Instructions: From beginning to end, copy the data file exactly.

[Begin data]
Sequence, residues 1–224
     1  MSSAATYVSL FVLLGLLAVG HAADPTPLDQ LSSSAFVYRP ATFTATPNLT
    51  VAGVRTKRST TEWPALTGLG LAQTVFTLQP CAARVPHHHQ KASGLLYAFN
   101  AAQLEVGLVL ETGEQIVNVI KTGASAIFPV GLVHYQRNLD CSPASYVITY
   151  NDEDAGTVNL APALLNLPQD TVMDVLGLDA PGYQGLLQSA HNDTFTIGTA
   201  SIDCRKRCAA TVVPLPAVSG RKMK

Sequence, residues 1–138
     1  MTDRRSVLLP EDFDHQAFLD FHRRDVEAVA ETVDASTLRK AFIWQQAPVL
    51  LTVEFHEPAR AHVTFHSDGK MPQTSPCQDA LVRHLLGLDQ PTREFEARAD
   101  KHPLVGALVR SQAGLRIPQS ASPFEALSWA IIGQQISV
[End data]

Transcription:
Sequence, residues 1–224
     1  MSSAATYVSL FVLLGLLAVG HAADPTPLDQ LSSSAFVYRP ATFTATPNLT
    51  VAGVRTKRST TEWPALTGLG LAQTVFTLQP CAARVPHHHQ KASGLLYAFN
   101  AAQLEVGLVL ETGEQIVNVI KTGASAIFPV GLVHYQRNLD CSPASYVITY
   151  NDEDAGTVNL APALLNLPQD TVMDVLGLDA PGYQGLLQSA HNDTFTIGTA
   201  SIDCRKRCAA TVVPLPAVSG RKMK

Sequence, residues 1–138
     1  MTDRRSVLLP EDFDHQAFLD FHRRDVEAVA ETVDASTLRK AFIWQQAPVL
    51  LTVEFHEPAR AHVTFHSDGK MPQTSPCQDA LVRHLLGLDQ PTREFEARAD
   101  KHPLVGALVR SQAGLRIPQS ASPFEALSWA IIGQQISV